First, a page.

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The BBC's James Wilkinson reports
VLT will become fully operational in 2003
 real 56k

Wednesday, 27 May, 1998, 14:46 GMT 15:46 UK
A very good look at space

An energetic jet penetrates the centre of the ellipitical galaxy Messier 87
The world's largest telescope has taken its first pictures of space and is on track towards becoming fully operational.

The European Southern Observatory (Eso) released the images taken with the Very Large Telescope, which was built in northern Chile by eight European nations.

"Everything went according to plan," said Rodrigo de Castro, of the Eso, after what was dubbed the "First Light" Event.

messier 4
Global cluster Messier 4: About 6,000 light years away
The ESO comprises scientists from Belgium, Denmark, France, Germany, Italy, the Netherlands, Sweden and Switzerland.

"It was a moonless night, but with a clear atmosphere and good visibility," Mr de Castro said.

The VLT, which sits in the Cerro Paranal, some 1,000km (600 miles) north of Santiago, will become fully operational in 2003.

When its four mirrors are activated, they will create a massive lens 16m (53ft) in diameter.

The project's leader is Italian professor Massimo Tarengui. He led the team of astronomers who worked more than six hours to get the first shots of space, using the VLT's first mirror.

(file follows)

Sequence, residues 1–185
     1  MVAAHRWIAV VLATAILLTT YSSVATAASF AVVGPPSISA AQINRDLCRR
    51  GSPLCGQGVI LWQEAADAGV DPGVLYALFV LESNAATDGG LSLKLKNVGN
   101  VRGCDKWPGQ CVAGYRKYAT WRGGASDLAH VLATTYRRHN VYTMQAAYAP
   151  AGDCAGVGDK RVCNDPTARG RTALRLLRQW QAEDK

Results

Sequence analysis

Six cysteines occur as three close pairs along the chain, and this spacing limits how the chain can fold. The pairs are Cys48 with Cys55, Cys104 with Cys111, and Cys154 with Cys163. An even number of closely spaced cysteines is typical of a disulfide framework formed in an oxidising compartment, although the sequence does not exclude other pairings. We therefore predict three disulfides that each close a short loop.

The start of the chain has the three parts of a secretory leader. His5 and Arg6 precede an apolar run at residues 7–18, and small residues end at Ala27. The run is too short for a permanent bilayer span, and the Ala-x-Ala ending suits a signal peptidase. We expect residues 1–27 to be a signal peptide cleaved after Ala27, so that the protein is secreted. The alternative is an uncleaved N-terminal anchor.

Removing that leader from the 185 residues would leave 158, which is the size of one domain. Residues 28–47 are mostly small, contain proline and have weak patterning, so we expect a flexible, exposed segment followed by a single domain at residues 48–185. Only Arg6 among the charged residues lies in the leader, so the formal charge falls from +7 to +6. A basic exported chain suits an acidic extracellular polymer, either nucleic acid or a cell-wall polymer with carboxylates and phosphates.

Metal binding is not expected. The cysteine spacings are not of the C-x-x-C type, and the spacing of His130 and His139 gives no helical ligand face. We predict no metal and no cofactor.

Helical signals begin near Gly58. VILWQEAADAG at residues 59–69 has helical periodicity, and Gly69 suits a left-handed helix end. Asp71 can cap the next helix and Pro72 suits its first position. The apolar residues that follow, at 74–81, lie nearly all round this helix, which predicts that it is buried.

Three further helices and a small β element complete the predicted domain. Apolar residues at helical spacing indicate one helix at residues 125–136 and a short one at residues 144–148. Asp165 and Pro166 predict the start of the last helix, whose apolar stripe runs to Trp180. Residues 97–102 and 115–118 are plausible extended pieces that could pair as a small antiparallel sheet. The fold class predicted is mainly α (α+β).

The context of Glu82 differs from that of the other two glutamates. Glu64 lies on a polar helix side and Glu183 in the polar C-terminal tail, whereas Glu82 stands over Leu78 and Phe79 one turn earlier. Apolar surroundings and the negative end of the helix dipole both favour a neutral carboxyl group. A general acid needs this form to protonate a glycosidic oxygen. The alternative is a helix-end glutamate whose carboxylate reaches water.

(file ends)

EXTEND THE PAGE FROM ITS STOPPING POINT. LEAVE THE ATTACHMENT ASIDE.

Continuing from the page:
Butterfly Nebula
Butterfly Nebula: Picture combines blue, yellow and red images
"A first analysis of these images convincingly demonstrates the exceptional potential of the Eso Very Large Telescope," the observatory said.

"Just one month after the installation and provisional adjustment of the optics, the performance of this giant telescope meets or surpasses the design goals, in particular as concerns the achievable image quality.

"Exposures lasting up to 10 minutes confirm that the tracking, crucial for diurnal rotation of the sky, is very accurate and stable."

Greek astronomer Jason Spyromilio and Australian engineer Peter Gray also took part in the operation.

The scientists aimed the VLT - which cost $500m - at objects a short distance from Earth and will soon undertake further tests of the telescope's power.

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